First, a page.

1.3 That the finding of the learned AO that the insertion of Explanations 5 and 6 are only clarificatory in nature is incorrect. That these findings are incorrect because the learned AO has failed to appreciate that the tax treaties in case of the United Mexican States and Hungary (including tax treaties entered into by Indian government after insertion of Explanation 5 and 6) specifically include ‘transmission by satellite, cable, optic fibre or similar technology’ in the definition of Royalty which clause is conspicuous by its absence in the Tax Treaty which is applicable in the Appellant’s case.

1.4 That the learned AO erred in facts and in law by not following the decision of the Hon’ble Andhra Pradesh High Court in the case of Sanofi Pasteur Holding SA vs Department of Revenue [2013] [354 ITR 316] which correctly holds that the retrospective amendments to the Act cannot be read as an amendment to the tax treaties by virtue of Article 3(2) of the tax treaties. While the judgment of the Hon’ble Andhra Pradesh High Court was in the context of India France tax treaty, the learned AO has failed to appreciate that the rationale of the said judgment is equally applicable to the case of the Appellant in the context of the Tax Treaty.

2. Based on the facts and circumstances of the case and in law, the learned AO has erred in holding that the payments received by the Appellant from Indian customers for provision of Bandwidth services to such customers is Royalty for the use of, or the right to use of an equipment and/ or use of a process and! or transfer of rights in a process and/ or services in connection with above process/ equipment, is taxable under section 9(1)(vi) of the Act read with Article 12(3) of the Tax Treaty in contravention of the following well-established facts and legal positions:-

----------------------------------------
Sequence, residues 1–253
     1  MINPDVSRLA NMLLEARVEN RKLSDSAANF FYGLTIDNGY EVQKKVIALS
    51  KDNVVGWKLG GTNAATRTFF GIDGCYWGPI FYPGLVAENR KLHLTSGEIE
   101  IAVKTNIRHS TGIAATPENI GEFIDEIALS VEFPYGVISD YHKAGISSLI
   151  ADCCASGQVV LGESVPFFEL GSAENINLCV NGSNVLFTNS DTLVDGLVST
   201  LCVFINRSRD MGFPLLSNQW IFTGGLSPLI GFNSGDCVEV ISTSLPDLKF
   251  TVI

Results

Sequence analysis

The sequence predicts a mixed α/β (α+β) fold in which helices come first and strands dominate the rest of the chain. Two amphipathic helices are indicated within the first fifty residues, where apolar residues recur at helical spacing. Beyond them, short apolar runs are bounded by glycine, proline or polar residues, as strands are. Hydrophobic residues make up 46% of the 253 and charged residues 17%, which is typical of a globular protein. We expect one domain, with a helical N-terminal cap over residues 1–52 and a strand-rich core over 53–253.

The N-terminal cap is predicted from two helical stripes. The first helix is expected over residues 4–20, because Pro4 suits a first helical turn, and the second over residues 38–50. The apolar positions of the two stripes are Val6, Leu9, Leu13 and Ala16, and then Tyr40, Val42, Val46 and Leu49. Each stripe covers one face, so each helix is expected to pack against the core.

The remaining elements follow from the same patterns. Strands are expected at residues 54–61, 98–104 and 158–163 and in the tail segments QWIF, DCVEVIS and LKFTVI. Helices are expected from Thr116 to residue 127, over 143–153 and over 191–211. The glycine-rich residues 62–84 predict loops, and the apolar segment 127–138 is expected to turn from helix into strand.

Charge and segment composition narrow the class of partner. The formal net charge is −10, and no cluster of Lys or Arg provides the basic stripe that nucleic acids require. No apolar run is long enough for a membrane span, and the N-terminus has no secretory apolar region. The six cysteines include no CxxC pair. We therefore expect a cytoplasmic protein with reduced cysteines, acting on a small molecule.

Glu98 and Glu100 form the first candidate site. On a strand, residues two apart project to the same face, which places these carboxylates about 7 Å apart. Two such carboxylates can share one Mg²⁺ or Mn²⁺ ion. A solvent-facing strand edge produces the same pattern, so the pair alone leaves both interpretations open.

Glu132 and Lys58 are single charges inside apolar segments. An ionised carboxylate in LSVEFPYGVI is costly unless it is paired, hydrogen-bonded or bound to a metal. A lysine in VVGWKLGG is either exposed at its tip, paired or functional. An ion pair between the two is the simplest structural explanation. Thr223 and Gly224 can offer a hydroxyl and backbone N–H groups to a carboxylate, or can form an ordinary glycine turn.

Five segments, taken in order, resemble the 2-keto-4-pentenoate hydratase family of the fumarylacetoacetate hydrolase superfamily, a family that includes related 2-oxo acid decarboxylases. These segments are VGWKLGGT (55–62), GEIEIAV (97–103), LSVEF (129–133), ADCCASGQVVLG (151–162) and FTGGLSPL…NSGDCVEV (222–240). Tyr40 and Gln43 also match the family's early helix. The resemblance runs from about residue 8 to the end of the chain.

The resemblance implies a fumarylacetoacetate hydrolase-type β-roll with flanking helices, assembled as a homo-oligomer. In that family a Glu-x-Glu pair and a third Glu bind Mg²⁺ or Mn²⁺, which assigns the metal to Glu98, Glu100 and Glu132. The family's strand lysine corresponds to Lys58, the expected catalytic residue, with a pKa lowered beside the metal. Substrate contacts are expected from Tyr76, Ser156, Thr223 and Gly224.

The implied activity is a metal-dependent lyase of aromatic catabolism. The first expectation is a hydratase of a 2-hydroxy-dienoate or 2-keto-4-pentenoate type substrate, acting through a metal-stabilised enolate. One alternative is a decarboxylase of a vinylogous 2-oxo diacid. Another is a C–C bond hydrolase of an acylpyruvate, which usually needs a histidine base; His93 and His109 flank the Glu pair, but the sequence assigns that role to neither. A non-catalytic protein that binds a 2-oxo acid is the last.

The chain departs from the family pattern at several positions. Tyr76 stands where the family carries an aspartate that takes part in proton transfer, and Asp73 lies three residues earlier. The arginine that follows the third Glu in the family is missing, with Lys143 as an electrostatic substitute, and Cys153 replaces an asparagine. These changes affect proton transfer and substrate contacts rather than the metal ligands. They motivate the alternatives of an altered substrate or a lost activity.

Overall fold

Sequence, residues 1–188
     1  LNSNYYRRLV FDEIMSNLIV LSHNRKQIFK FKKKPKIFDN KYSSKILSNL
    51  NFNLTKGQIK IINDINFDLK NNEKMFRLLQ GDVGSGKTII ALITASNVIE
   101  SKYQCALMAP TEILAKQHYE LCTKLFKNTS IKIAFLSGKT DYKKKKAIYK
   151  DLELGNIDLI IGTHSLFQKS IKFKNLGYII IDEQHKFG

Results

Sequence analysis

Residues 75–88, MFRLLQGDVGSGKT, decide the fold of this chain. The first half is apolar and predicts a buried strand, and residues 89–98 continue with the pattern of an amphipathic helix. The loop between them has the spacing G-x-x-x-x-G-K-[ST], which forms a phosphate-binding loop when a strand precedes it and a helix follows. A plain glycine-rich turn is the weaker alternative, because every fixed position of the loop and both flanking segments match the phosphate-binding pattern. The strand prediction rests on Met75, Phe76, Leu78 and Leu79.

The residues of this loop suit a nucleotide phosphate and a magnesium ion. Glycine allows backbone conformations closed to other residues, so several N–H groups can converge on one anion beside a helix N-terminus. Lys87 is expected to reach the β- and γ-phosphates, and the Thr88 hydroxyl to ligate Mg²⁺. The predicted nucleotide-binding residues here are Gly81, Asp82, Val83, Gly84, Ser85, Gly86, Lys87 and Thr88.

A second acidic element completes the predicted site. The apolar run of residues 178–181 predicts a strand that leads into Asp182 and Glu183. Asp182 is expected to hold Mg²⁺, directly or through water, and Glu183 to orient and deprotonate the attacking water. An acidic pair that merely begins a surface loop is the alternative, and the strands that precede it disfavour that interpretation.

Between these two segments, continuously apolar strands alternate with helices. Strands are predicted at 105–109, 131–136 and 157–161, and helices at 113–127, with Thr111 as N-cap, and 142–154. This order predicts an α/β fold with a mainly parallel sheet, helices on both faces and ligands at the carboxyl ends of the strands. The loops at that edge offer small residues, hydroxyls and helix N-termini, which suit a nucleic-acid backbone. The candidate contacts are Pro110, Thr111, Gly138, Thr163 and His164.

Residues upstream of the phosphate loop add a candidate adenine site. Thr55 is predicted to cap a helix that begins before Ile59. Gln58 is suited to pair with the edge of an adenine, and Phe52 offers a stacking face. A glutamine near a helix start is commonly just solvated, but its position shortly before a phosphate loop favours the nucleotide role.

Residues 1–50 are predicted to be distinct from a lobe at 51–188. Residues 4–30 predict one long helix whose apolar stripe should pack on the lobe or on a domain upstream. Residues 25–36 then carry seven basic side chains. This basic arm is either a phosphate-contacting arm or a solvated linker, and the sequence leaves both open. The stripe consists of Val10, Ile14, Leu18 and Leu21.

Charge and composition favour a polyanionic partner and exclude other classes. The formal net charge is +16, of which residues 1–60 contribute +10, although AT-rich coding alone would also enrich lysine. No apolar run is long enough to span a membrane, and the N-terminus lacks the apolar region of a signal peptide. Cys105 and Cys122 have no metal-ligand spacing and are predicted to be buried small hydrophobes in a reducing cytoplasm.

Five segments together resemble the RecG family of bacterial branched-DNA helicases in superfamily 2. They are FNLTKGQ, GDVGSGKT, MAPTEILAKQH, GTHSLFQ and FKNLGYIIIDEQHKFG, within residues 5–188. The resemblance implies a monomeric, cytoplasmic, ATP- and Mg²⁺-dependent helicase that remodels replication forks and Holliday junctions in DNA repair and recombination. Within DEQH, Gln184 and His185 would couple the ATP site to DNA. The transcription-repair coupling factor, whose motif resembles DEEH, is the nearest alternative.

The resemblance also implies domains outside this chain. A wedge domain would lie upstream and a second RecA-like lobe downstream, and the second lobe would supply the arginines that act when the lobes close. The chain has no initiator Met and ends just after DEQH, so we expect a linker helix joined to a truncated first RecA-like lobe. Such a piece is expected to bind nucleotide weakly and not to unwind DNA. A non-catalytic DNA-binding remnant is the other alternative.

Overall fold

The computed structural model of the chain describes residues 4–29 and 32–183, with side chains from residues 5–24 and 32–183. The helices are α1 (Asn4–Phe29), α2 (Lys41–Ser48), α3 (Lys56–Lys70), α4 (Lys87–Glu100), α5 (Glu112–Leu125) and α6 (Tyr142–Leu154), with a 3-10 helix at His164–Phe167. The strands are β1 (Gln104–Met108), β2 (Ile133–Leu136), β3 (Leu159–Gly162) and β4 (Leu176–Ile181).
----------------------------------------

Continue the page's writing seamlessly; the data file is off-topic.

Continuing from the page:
2.1 That indisputably the transaction is that of a rendition of bandwidth service by the Appellant, wherein the customer enjoys an uninterrupted 24×7 service to receive and send voice and data at a standard rate of reliability and in consideration of which fees are earned by the Appellant. The failure by the Appellant to render the bandwidth service at such a reliability level resulting in non- payment or loss of consideration for the Appellant (except on agreed upon excusable service outages) further factually substantiates and proves that the transaction under question is a pure service transaction, and is not a transaction in the nature of a rental or one involving a grant of use or right to use any equipment in the entire network to the customer.

2.2 That although the rendition of bandwidth service involves a large global network of equipments, which are employed by and under the exclusive dominion and control of the Appellant and other service providers for ultimate delivery of bandwidth services to the service recipients in India, such bandwidth services do not result in the use or right to use any equipment or use of a process by such service recipients.

2.3 That the two standard tests to qualify as an Equipment Royalty, as enunciated through various well- established judicial decisions, commentaries, reports and tax treaty interpretations, would fail when applied in the Appellant’s case because:

i) There is no contract between the Appellant and any service recipient in India that grants such service recipient the use or right to use any equipment, resulting in handing over of physical possession, control or use of the equipment, or any portion of the underlying telecommunications network, by the service recipient/payer for an agreed consideration; and